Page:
Killing caves of Phnom Sampeau

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View of the valley below Phnom Sampeau mountain

The killing caves of Phnom Sampeau are caves in Phnom Sampeau, a hill 7 miles (11 km) southwest of Battambang in Cambodia. Major atrocities occurred there during the Khmer Rouge in the 1970s. Many victims were bludgeoned to death and then tossed into holes which served as the skylights to the caves.[1] Men and women were placed in separate caves and clothes in another.[1] Today there is a large glass memorial in the cave next to the skulls and bones and a golden reclining Buddha. It is reached via a staircase. A memorial, assembled from cyclone fencing and chicken wire, contains human bones at the base of the stairway.[2][3]

Geography[edit]

View from the top of Phnom Sampeau

The killing caves are located on the Mountain of Phnom Sampeau, about mid-way up the mountain along a 250-metre (820 ft) well-made diversion road. The mountain is of karstic limestone and has a group of temples located on it.[3]

The approach is 12 kilometres (7.5 mi) to the west of Battambang on the road to Pailin. The mountain is also home for the macaques, which feed on bananas left by pilgrims in front of the shrines.[3]

There is a natural arch made of stalactites from where there are scenic views of the deep canyon, and the valley also has vegetation of vines and inhabited by bats.[3]

Features[edit]

A statue found in one of the caves in the Phnom Sampeau mountain

The caves, which are approached through a series of steps flanked by green vegetation, have a golden, reclining Buddha image. Skulls and bones are kept in a glass-covered cabin next to the Buddha statue. These were the people who were butchered by the Khmer Rouge Regime; the bodies of those who were butchered were thrown through a natural chute from above, a skylight opening.[3]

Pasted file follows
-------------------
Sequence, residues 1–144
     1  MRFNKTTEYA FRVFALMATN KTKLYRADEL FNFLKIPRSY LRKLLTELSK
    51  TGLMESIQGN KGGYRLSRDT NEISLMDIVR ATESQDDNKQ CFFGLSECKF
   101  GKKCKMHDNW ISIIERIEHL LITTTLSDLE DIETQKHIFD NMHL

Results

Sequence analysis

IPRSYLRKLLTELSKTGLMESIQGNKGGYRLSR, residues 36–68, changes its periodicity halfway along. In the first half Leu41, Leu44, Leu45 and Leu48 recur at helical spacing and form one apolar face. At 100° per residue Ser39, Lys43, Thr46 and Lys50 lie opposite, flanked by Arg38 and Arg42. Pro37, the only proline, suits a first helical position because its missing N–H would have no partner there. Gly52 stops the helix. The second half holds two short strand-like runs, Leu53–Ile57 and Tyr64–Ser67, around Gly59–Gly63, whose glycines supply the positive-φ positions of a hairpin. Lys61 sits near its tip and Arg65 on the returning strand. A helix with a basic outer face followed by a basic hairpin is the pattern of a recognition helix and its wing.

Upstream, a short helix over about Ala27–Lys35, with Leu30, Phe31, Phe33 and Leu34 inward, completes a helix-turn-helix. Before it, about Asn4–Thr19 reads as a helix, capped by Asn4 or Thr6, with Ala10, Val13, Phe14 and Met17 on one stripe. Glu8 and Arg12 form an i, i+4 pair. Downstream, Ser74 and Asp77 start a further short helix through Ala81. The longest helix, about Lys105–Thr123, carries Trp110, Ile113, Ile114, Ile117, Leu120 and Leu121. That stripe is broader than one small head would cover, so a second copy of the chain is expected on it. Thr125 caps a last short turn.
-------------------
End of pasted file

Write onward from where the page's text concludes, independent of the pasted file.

Remnants of war artillery (of the government forces) are seen there, oriented towards Phnom Krapau (Crocodile Mountain), which was the strategic location of the Khmer Rouge during the war.[3]

At the base point from where the steps lead to the cave, there is an old memorial, a chicken-wire enclosure which also houses skulls and bones of those killed by the Khmer Rouge. Another feature seen is an incomplete Buddha carving, a 30-foot (9.1 m) image, carved partly into the rock face of the hill, with only the head of the Buddha exposed. Lack of funds was the reason for its incompleteness.[2][3]

References[edit]

  1. ^ a b DK Travel Guides (1 June 2011). DK Eyewitness Travel Guide: Cambodia & Laos. Dorling Kindersley Limited. p. 91. ISBN 978-1-4053-4985-7. 
  2. ^ a b Ray, Nick; Bloom, Greg; Robinson, Daniel (1 July 2010). Cambodia 7. Lonely Planet. pp. 256–. ISBN 978-1-74179-457-1. Retrieved 1 January 2013. 
  3. ^ a b c d e f g Lonely Planet Vietnam, Cambodia, Laos & Northern Thailand. Lonely Planet. 2012. pp. 324–. ISBN 978-1-74220-700-1. Retrieved 3 January 2013.